When the Sun is So Boring, Anything Becomes Interesting

Caption: So boring it doesn't deserve a caption (NASA/SOHO)
Caption: So boring it doesn't deserve a caption (NASA/SOHO)

You know when you have those unremarkable days, those periods of time you experience you know you’ll forget tomorrow? It’s either “just another” day at work, another commute, or a Sunday where you had a beer, fell asleep, only to wake up again to realise it was too late to get up so you stayed in bed till Monday? (And no, I don’t make a habit of that. I’m sure to have at least two beers.) Most days aren’t like that for me, usually I can think of one noteworthy event that sets apart one day from the next, but sometimes it’s as if Stuff Happens™ doesn’t.

It would appear the Sun is having an extended period of time where Stuff Happens™ is at a premium, so you have to make the most of when something really does happen. In this case, the Sun released a crafty CME, thinking we wouldn’t see it…
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Our (Painfully) Featureless Sun

The Sun, being boring on Jan. 13th 2009, a whole year after Solar Cycle 24 was supposed to start (solar astrophotography by ©Stephen Sykes)
The Sun, being boring on Jan. 13th 2009, a whole year after Solar Cycle 24 was supposed to start (solar astrophotography by ©Stephen Sykes)

This morning I realised it’s been a whole year since we saw the first reversed polarity sunspot pair on the surface of the Sun. A year ago, Solar Cycle 23 was running out of steam and Cycle 24 was about to take over. Solar physicists the world over were making predictions, some thought Cycle 24 was going to be a “doozy”, others were a little more conservative, saying it might just be an “average” cycle. However, 12 months on, it would appear Cycle 24 is off to a very lazy start. Once again, we have a “blank” Sun, a perfect sphere, looking like a marble, or as my wife observed: a jawbreaker (or as us Brits like to expressively call them, gobstoppers).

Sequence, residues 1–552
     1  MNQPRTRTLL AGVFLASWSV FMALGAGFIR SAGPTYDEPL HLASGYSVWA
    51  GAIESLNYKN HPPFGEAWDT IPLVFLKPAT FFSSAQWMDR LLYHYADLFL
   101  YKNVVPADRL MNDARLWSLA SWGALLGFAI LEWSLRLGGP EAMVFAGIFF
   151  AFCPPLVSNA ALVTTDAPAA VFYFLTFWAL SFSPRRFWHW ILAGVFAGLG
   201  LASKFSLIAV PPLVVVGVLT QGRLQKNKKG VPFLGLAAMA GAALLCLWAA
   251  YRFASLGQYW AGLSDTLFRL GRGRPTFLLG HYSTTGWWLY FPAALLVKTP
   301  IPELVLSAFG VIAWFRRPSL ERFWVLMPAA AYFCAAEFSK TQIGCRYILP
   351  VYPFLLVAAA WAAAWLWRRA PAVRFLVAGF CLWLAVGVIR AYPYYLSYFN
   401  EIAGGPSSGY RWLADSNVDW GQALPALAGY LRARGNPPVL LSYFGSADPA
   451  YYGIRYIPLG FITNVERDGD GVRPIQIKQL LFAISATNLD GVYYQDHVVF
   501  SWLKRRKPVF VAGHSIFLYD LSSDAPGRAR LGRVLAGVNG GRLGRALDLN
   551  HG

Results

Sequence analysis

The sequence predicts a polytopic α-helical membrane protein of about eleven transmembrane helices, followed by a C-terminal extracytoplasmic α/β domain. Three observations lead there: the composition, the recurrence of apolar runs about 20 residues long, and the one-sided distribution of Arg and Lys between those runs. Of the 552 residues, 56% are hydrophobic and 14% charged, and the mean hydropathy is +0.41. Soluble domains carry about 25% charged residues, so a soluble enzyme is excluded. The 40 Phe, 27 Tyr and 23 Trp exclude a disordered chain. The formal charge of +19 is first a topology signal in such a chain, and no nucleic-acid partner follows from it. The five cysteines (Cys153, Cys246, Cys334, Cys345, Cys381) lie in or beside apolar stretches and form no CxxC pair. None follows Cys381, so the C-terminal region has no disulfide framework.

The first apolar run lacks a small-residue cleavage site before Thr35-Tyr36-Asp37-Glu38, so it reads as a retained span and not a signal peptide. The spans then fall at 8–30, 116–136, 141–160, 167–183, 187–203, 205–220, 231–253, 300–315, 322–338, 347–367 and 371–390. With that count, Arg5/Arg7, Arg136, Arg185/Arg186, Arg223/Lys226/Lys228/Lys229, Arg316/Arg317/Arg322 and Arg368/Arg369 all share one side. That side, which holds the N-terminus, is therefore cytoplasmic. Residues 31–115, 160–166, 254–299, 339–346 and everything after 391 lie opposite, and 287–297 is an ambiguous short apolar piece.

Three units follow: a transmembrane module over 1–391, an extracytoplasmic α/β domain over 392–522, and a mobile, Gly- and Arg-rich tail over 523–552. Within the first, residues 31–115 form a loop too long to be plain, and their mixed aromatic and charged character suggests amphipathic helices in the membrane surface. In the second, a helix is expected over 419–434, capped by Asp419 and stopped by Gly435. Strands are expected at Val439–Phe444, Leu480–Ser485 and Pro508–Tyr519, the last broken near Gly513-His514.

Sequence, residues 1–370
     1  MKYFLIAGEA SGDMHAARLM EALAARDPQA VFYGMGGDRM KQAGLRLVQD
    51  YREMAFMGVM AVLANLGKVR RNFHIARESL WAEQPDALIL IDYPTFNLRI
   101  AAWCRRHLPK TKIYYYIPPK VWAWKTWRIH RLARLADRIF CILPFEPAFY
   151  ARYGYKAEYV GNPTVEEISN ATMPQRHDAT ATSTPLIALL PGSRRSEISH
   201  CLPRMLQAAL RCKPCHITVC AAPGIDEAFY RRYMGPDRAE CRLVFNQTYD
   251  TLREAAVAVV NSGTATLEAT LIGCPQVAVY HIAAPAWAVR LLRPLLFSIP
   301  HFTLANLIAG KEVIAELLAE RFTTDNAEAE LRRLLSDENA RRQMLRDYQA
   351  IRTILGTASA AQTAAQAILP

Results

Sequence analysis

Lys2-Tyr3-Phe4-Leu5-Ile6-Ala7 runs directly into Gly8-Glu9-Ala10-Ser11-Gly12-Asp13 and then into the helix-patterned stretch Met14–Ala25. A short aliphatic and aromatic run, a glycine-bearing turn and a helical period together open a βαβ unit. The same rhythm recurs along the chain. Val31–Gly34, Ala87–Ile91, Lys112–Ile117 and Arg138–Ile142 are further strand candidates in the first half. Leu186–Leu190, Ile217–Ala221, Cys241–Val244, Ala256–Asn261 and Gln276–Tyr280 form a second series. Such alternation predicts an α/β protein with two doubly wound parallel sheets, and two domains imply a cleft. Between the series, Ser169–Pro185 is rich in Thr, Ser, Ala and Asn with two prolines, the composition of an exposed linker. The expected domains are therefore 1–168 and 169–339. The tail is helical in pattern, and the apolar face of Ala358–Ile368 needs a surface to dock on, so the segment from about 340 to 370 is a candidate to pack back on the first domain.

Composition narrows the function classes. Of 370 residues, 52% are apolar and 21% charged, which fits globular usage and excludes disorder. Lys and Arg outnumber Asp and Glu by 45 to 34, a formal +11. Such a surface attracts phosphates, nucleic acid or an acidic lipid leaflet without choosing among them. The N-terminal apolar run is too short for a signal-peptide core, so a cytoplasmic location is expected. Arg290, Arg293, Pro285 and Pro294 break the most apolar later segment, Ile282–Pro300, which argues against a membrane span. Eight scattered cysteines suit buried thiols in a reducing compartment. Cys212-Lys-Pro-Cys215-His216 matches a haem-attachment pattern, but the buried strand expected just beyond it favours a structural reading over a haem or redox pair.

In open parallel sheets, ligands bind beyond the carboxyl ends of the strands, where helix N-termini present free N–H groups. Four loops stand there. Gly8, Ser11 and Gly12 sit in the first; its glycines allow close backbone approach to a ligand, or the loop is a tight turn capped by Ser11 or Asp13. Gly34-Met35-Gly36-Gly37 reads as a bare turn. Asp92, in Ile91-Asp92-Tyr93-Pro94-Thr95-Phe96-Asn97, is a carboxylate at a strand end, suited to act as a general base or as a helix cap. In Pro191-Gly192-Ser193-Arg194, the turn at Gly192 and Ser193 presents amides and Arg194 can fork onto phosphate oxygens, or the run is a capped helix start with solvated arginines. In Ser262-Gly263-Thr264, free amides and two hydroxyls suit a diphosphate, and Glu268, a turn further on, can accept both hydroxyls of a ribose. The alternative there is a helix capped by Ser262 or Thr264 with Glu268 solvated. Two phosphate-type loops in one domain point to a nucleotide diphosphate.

The stunning image above was shot by skilled astrophotographer Stephen Sykes, over at AstroSlacker.com, demonstrating what superb views of the Sun can be captured by amateur astronomers. When I (eventually) get my telescope, and/or a new camera, the Sun will be my first astronomical object to observe, but I doubt I’ll get as good a view as this.

So, another day, another featureless Sun. That’s not to say it’s been a totally boring year; we’ve had flares from “left over” active regions from Cycle 23 and we’ve had a bit of action from Cycle 24 (the most recent set of spots–Sunspot 1010–have just rotated out of view), and I’m pretty sure this time next year we’ll be inundated with sunspots… fingers crossed (I can’t wait to see some coronal loop arcades again). For now, good night our lazy Sun, I look forward to seeing more action in the coming months…

Cycle 24 Sunspot Observed… At Last!

Thar she blows! Solar Cycle 24 sunspots make their first appearence since January (SOHO MDI image showing Cycle 24 polarity)
Thar she blows! Solar Cycle 24 sunspots make their first appearence since January (SOHO MDI image showing Cycle 24 polarity)

This day has been a long time coming. Ever since the beginning of Solar Cycle 24 back on January 4th 2008, solar physicists have been eagerly awaiting the fireworks to begin… alas, the Sun decided to take a break and stay blank for nine months, keeping any Cycle 24 sunspot activity hidden. That’s not to say there have been no sunspots. Due to a strange quirk in solar activity, the previous cycle took some time to wind down and continued to send groups of spots to the surface, occasionally unleashing some surprise flares and coronal mass ejections (CMEs).

However, it has now been confirmed that the sunspot group seen today by the Solar and Heliospheric Observatory (SOHO) and international amateur astronomers do in fact belong to Cycle 24.

Phew, I was beginning to feel a little chilly
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Breaking News: We Have Sunspots, First for Over a Month

New sunspots observed on Aug. 21st (© Pavol Rapavy)
New sunspots observed on Aug. 21st (© Pavol Rapavy)

Just as we were getting concerned that the Sun may be facing an extended solar minimum, amateur astronomers, in the last few hours, have observed a new sunspot pair appearing around the Sun’s south-eastern limb. They are young, emergent spots, gradually getting larger. It will be interesting to see how they evolve. The observation above was taken by Pavol Rapavy in Rimavska Sobota, Slovakia, and now we have detailed images of the region by a British astronomer too (sounds like the Sun might be making an appearance for the UK summer at last!)…
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